JAAOS

JAAOS, Volume 4, No. 2


Current Status of Anticoagulation Therapy After Total Hip and Total Knee Arthroplasty.

Postoperative venous thromboembolism in the pelvis and lower extremities is a potentially life-threatening complication in patients undergoing elective total hip and total knee arthroplasty. Numerous pharmacologic methods of prophylaxis have been used in the past with varying degrees of success. Warfarin has been proved effective as a prophylactic agent after total hip arthroplasty but has been less efficacious after total knee arthroplasty. The low-molecular-weight heparins have recently been approved for prophylaxis after total hip and total knee arthro-plasty and are an acceptable alternative to warfarin. This new class of drugs appears to have the advantage of predictable subcutaneous bioavailability, which allows less frequent administration and laboratory monitoring and offers a decrease in the occurrence of side effects.

      • Subspecialty:
      • Adult Reconstruction

    Neuropathic Arthropathy: Review of Current Knowledge.

    Neuropathic arthropathy is a chronic, progressive degenerative disorder affecting one or more peripheral or vertebral articulations, which develops as the result of a disturbance in the normal sensory (pain or proprioceptive) innervation of joints. Diabetes, syphilis, and syringomelia are the most commonly associated clinical entities. When neuropathic arthropathy is suspected, careful clinical evaluation should be performed to identify an underlying neurologic disorder. Patient education, joint protection, and early recognition of fractures are the most important general management principles. Surgery can be considered in cases of advanced joint destruction when there is significant disability.

        • Subspecialty:
        • Trauma

        • Spine

      Osteochondral Lesions of the Talar Dome.

      Osteochondral lesions of the talar dome are relatively common causes of ankle pain and disability. Trauma is the most common cause, but ischemic necrosis, en-docrine disorders, and genetic factors may have etiologic significance. Medial lesions are usually located posteriorly on the dome of the talus, whereas lateral lesions are most frequently located anteriorly. Although the staging system described by Berndt and Harty remains popular, it may not accurately reflect the integrity of the articular cartilage. Small lesions of the talar dome may be present despite a normal appearance on plain radiography. Bone scintigraphy may show increased radionuclide uptake in the talar dome. Magnetic resonance imaging is also sensitive for identifying intraosseous abnormalities in the talus and has the added benefit of revealing other types of soft-tissue lesions not visible on routine radiographic studies. Computed tomography remains the imaging technique of choice when delineation of a bone fragment is desired. Nonoperative management of osteochondral lesions, including restricted weight-bearing and/or immobilization, is recommended unless a loose fragment is clearly present. Surgical options include drilling (usually reserved for intact lesions), debridement of the lesion with curettage or abrasion of the bone bed, internal fixation of the fragment, and bone grafting. Recent technical advances allow these procedures to be performed arthroscopically, with potential reduction of surgical trauma, length of hospital stay, and complication rates.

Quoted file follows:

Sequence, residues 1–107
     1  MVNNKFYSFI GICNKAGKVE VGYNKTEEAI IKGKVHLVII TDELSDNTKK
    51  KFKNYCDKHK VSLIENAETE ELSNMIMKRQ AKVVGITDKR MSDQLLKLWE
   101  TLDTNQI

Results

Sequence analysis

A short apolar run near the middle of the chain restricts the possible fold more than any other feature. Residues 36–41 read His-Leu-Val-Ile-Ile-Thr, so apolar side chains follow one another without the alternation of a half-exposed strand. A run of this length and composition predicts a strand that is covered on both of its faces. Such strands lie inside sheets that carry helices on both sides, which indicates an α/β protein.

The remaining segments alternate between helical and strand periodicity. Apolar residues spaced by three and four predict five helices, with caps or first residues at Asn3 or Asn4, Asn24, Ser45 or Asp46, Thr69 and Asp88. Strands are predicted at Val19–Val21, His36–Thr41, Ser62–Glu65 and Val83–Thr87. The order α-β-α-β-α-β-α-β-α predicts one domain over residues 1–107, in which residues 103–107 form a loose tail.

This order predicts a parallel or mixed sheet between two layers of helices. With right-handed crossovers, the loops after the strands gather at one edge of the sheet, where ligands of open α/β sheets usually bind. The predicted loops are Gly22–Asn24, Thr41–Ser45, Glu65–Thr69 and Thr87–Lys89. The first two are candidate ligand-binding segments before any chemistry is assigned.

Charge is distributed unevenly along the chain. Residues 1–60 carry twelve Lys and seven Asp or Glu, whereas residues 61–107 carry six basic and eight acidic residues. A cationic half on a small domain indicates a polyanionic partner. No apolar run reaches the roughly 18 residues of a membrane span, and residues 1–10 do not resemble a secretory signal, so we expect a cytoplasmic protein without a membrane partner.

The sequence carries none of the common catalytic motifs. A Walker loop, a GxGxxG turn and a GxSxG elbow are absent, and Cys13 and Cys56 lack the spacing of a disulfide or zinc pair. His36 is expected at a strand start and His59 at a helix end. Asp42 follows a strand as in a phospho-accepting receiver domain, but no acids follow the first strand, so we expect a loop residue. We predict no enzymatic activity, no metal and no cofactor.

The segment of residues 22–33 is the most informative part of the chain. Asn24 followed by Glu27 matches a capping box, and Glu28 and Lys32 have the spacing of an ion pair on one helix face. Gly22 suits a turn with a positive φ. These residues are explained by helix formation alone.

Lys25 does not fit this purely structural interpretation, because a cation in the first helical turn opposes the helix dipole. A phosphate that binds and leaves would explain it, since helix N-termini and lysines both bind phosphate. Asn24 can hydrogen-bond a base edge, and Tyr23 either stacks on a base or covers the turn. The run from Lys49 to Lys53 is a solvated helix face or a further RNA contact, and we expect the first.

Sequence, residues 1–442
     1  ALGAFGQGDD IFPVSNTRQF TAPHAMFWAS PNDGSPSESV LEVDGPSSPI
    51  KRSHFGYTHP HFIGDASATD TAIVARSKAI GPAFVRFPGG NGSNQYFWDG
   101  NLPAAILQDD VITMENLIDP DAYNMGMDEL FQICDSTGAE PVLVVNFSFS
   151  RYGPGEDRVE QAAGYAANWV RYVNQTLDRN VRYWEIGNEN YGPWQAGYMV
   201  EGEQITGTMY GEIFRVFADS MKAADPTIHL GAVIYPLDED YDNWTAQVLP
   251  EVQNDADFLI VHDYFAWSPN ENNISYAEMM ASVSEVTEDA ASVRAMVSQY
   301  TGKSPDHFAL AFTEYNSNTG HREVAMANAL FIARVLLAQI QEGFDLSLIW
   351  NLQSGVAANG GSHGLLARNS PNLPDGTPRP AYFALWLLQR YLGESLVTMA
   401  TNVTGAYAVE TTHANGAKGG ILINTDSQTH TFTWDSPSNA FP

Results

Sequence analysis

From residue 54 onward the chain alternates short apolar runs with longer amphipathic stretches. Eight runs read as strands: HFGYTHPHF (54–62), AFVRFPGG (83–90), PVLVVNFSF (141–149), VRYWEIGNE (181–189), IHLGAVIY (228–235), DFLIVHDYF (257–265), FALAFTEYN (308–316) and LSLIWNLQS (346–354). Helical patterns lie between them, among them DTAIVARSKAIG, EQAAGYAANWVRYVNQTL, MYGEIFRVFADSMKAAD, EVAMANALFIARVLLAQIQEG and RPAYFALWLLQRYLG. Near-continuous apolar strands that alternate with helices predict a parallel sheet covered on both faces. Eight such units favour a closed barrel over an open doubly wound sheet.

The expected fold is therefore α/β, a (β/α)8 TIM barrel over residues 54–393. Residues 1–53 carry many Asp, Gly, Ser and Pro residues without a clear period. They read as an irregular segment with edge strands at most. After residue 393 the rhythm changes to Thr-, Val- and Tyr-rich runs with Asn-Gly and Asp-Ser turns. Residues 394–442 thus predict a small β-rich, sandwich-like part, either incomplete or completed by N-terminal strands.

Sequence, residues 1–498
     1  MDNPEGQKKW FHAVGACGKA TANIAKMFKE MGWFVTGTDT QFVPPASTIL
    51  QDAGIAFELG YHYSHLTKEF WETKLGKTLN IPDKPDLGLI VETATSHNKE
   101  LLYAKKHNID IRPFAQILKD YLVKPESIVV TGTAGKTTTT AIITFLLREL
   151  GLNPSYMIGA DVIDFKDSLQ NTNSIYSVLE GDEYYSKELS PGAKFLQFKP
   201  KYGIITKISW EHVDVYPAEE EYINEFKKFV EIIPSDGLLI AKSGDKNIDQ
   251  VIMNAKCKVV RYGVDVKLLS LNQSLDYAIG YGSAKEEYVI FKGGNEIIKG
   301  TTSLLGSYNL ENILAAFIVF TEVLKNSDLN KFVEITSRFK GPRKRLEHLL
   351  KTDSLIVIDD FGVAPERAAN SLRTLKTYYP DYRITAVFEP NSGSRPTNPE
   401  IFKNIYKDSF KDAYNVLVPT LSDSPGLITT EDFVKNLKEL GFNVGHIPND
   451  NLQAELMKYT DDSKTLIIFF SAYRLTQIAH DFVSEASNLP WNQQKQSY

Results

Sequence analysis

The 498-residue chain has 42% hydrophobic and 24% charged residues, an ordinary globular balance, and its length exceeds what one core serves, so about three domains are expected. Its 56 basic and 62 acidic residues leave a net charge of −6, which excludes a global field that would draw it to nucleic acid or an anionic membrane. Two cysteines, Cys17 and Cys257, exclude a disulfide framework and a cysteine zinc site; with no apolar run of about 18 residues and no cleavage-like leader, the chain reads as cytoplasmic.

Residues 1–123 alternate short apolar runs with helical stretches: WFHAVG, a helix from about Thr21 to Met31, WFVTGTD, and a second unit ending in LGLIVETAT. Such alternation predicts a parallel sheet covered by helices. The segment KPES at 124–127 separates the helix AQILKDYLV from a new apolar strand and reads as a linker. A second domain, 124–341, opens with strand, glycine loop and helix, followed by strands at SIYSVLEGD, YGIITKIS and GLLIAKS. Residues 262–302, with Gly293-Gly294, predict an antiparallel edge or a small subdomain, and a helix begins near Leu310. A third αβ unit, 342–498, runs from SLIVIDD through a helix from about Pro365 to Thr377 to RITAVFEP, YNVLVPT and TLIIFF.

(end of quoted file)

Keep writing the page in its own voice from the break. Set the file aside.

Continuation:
• Subspecialty:
          • Trauma

          • Sports Medicine

        Periarticular Fractures After Total Knee Arthroplasty: Principles of Management.

        Periarticular fractures about total knee replacements are sustained by 0.3% to 2% of patients who have undergone knee arthroplasty. The patient with such a fracture is usually a woman in her seventh decade who has osteoporosis and may also have rheumatoid arthritis that is being treated with corticosteroids. The treatment of such fractures is aimed at restoring the patient's functional status to the pre-fracture level. Accomplishing this requires healing of the fracture and retention of a mobile and painless prosthesis in correct alignment. These goals are often difficult to achieve because there is little experience with these uncommon fractures, the healing environment is suboptimal, and knee arthroplasties have a low tolerance for any resulting alteration in alignment. In general, nondisplaced fractures are treated nonoperatively, and displaced fractures require open reduction, rigid internal fixation, and bone grafting. If the prosthesis is loose, or if rigid fixation cannot be obtained, component revision is the treatment of choice.

            • Subspecialty:
            • Trauma

            • Adult Reconstruction

          The Painful Knee: Arthroscopy or MR Imaging?

          While neither arthroscopy nor magnetic resonance (MR) imaging is perfect, both can delineate pathologic changes in the knee with reasonable accuracy. The greatest advantage of MR imaging is that it is noninvasive and can be used to detect pathologic changes both inside and outside the synovial cavity. Arthroscopy has the distinct advantage of allowing definitive treatment at the time of diagnosis in most cases, but carries with it the potential risks associated with any invasive diagnostic technique. Both modalities are expensive, and their judicious use is therefore dictated, especially in this era of cost containment. The decision to use one or both studies is best made by the orthopaedic surgeon.

              • Subspecialty:
              • Sports Medicine

              • Pain Management

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